I don’t share Italy stories on LoveThatMax, only the stories that can offer some connection to the families there who are still in the thick of it and, for most of them, who will always be. I hope that what I share belongs there even if my current reality does not. The stubs of my antennae are always twitching, sometimes imperceptibly. I keep my finger on the pulse of hope and survival and humanity and compassion in full offer on Ellen’s site, and whether “Welcome to Holland” seems lovely or laughable, I send beams of love across the ocean and the continental land to reach them all.


This has been a Finish the Sentence Friday post, hosted by Kristi of FindingNinee.com and Hilary Savoie of http://hillarysavoie.com/. This week’s sentence is “When it comes to belonging…”

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8 thoughts on “Layover in Holland

  1. wow. So much of this is where I am as well. When I started blogging, I was in Holland. My son didn’t speak, he didn’t know, water was “ah” and an airplane was “ninee.” Now, I’m in Italy and I don’t know how to be with all of the rest of it, because we lived in Holland for years, and loved the tulips there, too.

  2. You are most certainly not squeezing your story in where it does not fit. I read you there every single week. You’ve been through it and even if most of it is all in the past now, your stories can help and make a difference to someone on the same flight. I hope you enjoy every bit of Italy.

  3. I hope that what I share belongs there even if my current reality does not.

    I frequently resort to and/or employ the concept of ‘identification’ when I read blog posts that are grounded in life situations that seem to have nothing in common with my own.
    I do this because there is always a common experience.
    The writer(s) (of these posts) are offering a glimpse into a world that, (one of the very cool things about this future with it’s virtual world), I would likely never encounter.
    Never, that is, the literal elements of families and children, health and challenges. However, almost by definition, (imo) the writer, by virtue of this sharing makes available the emotional component of their experiences. That is transferrable, provided we the willingness to find it.
    Enjoyed this post.

    • Thank you, Clark. It’s true that reading is, by definition, a kind of forced identification. Writers always hope to project their feelings on the readers; it’s a sign of a well-written piece when someone can see themselves in it. I appreciate that you let me know!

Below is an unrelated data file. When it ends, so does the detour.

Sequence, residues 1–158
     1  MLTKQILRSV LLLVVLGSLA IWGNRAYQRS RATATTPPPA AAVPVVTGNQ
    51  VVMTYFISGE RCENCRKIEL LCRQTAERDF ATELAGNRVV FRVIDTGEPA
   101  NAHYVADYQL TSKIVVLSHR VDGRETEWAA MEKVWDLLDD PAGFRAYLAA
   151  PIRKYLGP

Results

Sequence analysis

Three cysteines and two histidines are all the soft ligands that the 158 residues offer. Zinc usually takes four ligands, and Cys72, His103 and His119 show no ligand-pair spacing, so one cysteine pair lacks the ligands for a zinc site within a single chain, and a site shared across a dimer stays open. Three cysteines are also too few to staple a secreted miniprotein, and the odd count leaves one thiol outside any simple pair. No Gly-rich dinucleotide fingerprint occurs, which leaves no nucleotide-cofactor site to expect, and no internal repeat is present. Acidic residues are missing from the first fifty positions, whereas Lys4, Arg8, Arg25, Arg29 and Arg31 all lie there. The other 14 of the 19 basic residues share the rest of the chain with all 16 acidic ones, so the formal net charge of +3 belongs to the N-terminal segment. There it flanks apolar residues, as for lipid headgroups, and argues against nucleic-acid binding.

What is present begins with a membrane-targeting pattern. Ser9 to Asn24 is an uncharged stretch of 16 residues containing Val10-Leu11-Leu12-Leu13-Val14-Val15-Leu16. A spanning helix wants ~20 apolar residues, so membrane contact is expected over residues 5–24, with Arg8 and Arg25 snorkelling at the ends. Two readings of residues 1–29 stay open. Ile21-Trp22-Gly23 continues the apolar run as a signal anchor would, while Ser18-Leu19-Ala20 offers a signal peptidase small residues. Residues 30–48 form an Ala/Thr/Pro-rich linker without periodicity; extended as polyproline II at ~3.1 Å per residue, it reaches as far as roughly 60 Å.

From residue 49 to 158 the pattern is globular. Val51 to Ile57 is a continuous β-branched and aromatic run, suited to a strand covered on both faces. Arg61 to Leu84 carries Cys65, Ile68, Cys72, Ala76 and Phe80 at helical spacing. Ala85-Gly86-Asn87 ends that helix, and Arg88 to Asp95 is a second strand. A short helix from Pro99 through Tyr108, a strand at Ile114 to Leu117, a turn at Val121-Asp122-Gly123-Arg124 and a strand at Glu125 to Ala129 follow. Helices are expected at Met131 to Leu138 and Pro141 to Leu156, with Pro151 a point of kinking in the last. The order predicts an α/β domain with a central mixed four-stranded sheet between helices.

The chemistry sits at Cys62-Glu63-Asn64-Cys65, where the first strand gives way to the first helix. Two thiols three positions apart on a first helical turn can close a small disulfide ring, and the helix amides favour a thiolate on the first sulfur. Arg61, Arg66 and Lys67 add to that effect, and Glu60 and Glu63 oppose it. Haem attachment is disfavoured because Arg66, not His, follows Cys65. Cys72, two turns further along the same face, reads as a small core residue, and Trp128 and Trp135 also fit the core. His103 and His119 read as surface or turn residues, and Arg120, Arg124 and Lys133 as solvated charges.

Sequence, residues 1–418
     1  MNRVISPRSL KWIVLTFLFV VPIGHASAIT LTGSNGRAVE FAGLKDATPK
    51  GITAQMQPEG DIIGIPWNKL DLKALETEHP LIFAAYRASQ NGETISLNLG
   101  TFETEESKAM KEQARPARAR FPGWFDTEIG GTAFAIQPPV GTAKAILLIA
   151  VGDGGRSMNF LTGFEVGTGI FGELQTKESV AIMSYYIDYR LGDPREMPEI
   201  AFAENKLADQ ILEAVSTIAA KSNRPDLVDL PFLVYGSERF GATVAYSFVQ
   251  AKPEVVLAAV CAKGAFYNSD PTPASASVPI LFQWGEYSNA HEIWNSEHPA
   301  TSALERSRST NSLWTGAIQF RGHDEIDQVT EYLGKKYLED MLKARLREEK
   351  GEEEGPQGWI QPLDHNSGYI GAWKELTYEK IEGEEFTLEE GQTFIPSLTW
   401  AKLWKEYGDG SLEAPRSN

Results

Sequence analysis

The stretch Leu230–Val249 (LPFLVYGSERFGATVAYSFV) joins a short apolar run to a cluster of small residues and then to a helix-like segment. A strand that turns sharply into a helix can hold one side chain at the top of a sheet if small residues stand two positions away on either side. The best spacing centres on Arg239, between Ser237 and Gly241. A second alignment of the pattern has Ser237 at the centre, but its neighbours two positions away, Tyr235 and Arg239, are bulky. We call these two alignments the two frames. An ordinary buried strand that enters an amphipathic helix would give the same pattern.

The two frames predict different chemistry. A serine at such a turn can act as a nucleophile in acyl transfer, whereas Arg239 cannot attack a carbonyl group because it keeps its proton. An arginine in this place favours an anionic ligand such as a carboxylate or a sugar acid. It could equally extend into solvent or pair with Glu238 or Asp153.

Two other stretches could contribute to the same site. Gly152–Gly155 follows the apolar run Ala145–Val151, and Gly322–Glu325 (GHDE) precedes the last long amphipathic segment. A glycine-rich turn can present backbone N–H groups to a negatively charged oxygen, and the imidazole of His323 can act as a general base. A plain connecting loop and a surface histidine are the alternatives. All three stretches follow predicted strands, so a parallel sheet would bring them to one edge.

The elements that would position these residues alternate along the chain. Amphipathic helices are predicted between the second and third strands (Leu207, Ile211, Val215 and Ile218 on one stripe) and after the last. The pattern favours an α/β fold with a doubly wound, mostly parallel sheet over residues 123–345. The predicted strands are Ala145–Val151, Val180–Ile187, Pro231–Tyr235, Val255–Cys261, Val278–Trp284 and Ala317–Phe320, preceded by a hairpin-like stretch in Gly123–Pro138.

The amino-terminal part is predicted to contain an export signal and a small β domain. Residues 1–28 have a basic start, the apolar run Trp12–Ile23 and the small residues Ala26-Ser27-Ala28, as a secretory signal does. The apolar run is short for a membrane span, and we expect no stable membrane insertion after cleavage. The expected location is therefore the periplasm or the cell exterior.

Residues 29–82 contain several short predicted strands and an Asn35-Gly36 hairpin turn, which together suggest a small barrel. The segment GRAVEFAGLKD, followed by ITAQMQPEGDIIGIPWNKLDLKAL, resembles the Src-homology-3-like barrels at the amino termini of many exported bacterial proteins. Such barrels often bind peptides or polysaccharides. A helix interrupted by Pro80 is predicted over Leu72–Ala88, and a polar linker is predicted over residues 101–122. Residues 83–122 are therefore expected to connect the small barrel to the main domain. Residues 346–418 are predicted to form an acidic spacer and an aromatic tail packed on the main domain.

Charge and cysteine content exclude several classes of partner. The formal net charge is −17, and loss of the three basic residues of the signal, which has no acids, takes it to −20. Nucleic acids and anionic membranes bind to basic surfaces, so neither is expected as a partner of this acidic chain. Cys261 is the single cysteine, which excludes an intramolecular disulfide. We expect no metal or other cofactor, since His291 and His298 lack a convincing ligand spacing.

4. This just crushed me:

    “her older sister still holds her hand out to steady us while clenching muscles to hide her own vulnerable spots. My husband and I still see with peripheral vision around many of the fields of tulips we remember — how there were needles in the ground under the leaves.

    But now I’m sipping prosecco on the piazza, and I feel guilty and relieved and empathetic and angry, all at once.”

    Thank you for your honesty. I have always despised the welcome to Holland story…mostly because I didn’t feel like I landed in Holland…I felt like I’d crash landed on Mars with a less than up-to-date space suit and a one-way radio that only told me stories of life in Italy, Holland, and wherever else that was actually on Earth. And it made me so mad when person after person sent it to me.

    Now, sometimes, I feel like my feet touch down on planet Earth from time to time…because Esmé is no longer in a daily fight for survival. But my thoughts are that such things are a bit like living a abroad for a time and learning that you can never again go home, not to the home it was before because YOU’ve changed… just like, even if you make it Italy, years spent elsewhere, Holland, Mars, or otherwise, you are never, fully, in Italy in the way that others are.

    So, enjoy your dual-citizenship, for you are both aware of the tulips and of the prosecco, and that is a beautiful thing. XO

    • Thank you so much, Hillary. I didn’t particularly like the details of the Holland metaphor — there were more dirty canals than tulips for most of the time we spent inside the comparison — but the idea of being in a totally new place from the one you expected, THAT makes some sense. Thanks for offering me the option of dual-citizenship. I think most people actually have the same options and just never know when a ticket will be thrust into their hands.